WILMINGTON, NC (WWAY) - The visit of the USS Gravely is still making waves, even though the ship's been gone for days.
This week, the committee in charge of the ship's commissioning and the 11-day party that went along with it is releasing what it spent money on. Some $50,000 of it was tax-payer money from the City of Wilmington and New Hanover County.
Click here to see some of the things the committee spent money on: http://www.wwaytv3.com/first_3_update_your_tax_dollars_and_gravely_what_...
Many local politicians have said the money was well spent, and will bring in more than was handed out in sales and room occupancy taxes. Tuesday, New Hanover County Commissioner Jason Thompson told a local newspaper that "the people who can't see that are shortsighted with ignorance and spite and can't look at the common good."
Many took that to mean ANYONE who didn't agree with Thompson on that fact was "ignorant". But when we asked him Wednesday who specifically he was talking about, he narrowed it down to only three people, Civic Activist Ben McCoy, Big Talker FM Host Chad Adams, and WWAY NewsChannel 3 News Director Scott Pickey. Taxpayers, he said, weren't ignorant. They're the ones who keep him in office, so he feels like he must be doing something right.
"The facts don't prove what they want them to, so they just use misinformation," said Thompson, "So in my opinion, that's kind of ignorant."
Commissioner-Elect Brian Berger told another local TV station last week that, "I think it's really abominable and disgraceful that $50,000 was used to throw a big party for the community's VIPs and elite, while so many people are struggling just to stay in their homes right now."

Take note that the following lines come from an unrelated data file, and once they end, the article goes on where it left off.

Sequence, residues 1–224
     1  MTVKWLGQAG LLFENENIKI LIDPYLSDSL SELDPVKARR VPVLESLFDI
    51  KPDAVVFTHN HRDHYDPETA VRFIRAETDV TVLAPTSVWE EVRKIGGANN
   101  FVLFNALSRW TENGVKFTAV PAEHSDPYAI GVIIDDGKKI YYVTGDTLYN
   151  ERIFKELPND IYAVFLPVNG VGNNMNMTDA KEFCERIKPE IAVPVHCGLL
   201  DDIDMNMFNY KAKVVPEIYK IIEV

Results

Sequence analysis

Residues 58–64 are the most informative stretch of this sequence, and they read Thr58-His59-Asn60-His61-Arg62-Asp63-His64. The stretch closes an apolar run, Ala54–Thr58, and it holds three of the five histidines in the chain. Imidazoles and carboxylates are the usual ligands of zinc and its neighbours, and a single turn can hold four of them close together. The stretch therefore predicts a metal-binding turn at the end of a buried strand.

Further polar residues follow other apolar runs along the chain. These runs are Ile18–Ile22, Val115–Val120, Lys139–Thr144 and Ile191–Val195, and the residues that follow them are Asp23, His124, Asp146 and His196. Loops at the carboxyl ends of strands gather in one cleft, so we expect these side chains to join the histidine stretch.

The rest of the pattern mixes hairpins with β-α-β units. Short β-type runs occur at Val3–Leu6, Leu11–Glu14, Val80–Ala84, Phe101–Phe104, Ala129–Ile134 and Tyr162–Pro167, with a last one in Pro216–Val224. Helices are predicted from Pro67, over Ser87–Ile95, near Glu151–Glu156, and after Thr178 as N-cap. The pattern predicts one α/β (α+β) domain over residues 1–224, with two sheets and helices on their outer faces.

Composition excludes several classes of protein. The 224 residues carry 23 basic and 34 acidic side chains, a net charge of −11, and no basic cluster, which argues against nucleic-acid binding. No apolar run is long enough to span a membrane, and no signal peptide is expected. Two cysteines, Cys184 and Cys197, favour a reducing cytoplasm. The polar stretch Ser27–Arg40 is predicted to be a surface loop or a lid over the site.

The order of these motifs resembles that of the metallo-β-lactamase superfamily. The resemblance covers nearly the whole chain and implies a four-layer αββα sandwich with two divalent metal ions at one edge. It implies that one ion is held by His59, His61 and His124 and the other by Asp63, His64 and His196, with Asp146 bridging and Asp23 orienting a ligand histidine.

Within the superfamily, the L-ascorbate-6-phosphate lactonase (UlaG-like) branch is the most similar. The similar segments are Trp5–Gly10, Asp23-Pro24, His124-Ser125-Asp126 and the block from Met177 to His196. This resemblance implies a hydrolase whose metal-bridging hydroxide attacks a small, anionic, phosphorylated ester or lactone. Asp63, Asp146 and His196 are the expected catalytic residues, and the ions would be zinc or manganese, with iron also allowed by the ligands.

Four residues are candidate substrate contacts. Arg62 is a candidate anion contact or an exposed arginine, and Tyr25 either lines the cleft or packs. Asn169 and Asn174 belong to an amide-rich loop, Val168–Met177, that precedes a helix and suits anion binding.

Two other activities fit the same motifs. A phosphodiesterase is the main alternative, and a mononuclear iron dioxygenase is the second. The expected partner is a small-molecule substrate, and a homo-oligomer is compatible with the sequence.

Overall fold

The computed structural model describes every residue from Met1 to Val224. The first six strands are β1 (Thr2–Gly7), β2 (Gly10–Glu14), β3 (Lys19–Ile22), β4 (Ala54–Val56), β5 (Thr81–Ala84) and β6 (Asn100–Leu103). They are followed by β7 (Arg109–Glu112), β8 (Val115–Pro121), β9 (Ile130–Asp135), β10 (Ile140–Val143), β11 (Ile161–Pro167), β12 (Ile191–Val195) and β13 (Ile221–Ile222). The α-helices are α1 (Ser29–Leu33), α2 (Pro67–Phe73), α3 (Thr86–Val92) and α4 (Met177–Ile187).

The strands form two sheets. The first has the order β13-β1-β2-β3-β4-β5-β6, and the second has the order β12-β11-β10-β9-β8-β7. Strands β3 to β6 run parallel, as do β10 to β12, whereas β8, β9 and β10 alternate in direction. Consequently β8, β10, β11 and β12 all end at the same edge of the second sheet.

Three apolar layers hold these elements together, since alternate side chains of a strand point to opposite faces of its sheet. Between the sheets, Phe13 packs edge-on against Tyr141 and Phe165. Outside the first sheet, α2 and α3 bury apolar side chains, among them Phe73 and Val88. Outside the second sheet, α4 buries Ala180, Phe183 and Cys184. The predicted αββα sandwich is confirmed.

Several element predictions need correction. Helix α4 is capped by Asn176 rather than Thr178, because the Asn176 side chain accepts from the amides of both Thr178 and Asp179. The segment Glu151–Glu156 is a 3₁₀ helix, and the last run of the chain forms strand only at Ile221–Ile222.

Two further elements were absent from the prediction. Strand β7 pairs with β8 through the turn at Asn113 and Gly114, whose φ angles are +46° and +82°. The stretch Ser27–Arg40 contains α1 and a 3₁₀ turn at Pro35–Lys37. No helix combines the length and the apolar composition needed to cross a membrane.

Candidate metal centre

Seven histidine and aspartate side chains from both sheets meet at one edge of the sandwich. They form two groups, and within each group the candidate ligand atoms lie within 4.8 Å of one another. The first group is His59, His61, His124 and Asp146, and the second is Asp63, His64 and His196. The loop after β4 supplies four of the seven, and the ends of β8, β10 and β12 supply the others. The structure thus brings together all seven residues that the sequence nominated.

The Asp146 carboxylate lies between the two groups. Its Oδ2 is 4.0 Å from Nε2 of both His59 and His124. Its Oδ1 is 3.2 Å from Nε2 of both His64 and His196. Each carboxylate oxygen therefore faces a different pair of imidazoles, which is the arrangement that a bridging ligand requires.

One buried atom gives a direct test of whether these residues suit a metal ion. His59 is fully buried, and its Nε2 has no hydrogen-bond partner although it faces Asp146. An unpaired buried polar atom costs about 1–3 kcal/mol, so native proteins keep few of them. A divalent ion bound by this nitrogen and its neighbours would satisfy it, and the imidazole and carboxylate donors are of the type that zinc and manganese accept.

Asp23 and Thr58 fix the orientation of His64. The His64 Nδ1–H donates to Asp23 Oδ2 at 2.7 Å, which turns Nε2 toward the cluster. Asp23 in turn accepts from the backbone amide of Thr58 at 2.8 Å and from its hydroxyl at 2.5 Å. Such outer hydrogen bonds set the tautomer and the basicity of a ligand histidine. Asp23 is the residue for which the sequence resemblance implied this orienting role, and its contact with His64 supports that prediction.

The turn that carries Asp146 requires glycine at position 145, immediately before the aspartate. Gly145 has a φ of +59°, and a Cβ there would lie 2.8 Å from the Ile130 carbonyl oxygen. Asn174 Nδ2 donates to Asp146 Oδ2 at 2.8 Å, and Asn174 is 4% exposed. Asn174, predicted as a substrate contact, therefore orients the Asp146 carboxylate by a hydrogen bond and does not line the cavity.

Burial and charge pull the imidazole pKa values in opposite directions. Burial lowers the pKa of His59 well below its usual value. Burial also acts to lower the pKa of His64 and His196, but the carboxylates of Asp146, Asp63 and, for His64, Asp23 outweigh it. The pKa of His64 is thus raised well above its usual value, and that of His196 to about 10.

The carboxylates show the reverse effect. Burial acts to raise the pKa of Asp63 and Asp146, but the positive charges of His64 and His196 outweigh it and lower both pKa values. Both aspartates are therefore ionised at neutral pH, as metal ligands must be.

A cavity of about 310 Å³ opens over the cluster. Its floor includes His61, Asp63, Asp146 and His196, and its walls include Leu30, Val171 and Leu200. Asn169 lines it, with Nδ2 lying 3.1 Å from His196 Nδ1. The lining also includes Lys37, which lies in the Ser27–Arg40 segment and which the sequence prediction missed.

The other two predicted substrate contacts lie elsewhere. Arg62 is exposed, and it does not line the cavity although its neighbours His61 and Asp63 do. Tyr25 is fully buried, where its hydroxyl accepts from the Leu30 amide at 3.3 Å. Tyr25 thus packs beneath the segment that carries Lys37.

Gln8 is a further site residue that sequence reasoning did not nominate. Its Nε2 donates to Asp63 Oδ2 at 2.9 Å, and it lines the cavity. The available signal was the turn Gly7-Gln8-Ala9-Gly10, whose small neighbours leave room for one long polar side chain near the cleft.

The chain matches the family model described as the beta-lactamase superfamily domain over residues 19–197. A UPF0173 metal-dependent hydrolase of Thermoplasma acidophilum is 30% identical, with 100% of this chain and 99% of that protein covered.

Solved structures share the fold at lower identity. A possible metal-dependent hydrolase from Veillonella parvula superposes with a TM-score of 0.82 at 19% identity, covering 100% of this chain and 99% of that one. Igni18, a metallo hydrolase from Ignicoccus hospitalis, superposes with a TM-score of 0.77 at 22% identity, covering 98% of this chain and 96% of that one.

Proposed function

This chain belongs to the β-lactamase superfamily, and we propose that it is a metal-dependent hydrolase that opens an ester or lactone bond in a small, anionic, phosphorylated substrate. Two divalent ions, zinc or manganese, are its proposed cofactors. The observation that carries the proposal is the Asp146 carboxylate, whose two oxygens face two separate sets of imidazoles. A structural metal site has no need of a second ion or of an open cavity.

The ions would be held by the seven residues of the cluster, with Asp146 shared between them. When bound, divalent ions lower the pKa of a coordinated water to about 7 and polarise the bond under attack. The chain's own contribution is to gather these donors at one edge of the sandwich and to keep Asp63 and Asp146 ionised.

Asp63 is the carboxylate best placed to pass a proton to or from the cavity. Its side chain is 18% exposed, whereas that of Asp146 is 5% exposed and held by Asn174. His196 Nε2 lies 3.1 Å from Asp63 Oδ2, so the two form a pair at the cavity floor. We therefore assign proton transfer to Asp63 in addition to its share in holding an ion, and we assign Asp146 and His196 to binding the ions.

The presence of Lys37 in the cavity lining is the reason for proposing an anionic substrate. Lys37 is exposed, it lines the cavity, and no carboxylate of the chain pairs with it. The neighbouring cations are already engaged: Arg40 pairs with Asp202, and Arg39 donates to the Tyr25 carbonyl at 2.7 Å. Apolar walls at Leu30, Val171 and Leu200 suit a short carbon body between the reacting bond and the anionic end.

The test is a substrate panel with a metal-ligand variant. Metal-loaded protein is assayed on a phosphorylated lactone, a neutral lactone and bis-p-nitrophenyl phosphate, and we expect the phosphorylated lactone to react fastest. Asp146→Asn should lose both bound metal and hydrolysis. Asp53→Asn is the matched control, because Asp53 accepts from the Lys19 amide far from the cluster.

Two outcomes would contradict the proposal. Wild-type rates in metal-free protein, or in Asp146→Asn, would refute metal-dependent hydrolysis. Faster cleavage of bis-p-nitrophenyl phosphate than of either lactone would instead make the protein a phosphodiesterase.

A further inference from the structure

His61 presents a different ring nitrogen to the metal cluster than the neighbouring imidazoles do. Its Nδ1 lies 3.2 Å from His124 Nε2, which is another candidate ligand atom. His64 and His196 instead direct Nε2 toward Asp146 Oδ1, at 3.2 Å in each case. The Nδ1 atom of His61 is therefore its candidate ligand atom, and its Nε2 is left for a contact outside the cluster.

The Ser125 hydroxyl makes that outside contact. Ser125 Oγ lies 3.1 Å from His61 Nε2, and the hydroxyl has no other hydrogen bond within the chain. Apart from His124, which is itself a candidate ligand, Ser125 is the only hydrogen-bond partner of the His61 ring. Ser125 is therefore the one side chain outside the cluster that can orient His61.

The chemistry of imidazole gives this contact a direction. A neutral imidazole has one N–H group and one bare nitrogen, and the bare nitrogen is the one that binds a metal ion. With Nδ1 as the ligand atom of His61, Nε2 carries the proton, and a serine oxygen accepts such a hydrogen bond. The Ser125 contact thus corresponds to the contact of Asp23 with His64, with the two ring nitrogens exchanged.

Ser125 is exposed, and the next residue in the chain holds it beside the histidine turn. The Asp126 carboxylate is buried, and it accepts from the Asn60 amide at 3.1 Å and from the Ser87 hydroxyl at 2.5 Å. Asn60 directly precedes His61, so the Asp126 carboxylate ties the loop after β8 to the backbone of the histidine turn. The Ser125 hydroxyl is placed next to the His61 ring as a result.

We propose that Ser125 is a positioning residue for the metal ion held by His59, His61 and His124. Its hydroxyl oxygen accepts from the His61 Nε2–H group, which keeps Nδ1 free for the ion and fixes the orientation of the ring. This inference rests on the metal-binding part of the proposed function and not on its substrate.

That makes Berger sound like he didn't see it Thompson's way either. So we asked him what he thought about Thompson's comments. Berger too backtracked, telling us today that he was taken out of context. Spending the money wasn't a bad thing he says now, the committee just needs to be more transparent on what they spent the money on.
"That's what this is really all about is having the information in the public, where it belongs because it is public money, and trying to avoid secrecy," said Berger. "We will get at least some information about how taxpayers money was used, and that's a good thing, and that's something we should continue to work towards."
Pickey says he wants not only transparency, but accountability as well. "It's reported today that the City of Wilmington will be over-budget by $6 million next year. Both the city and the county have, or are talking about, raising taxes to help makes ends meet. Yet we throw out $50,000 in the middle of one of the worst recessions in this area's history to throw a party for a boat that was going to come here anyway. Taxpayers have a right to know how much of their money was given, why the money was given, and what it was spent on, whether elected officials and volunteer organizers like it or not. It's this TV station's job to get those questions answered."
McCoy emailed this statement to the newsroom this afternoon: ""...The "common good" is a mantra of those big government types who wield power with an iron fist, and look down with disdain upon those whom they lord over with the politics of self-interest and personal consumption. This is the oligarchy; the chosen ones whose mere existence far surpass those of us who live to serve their wishes, who bask in their glory; who pine for their favor and charity; who beg at their table like dogs..."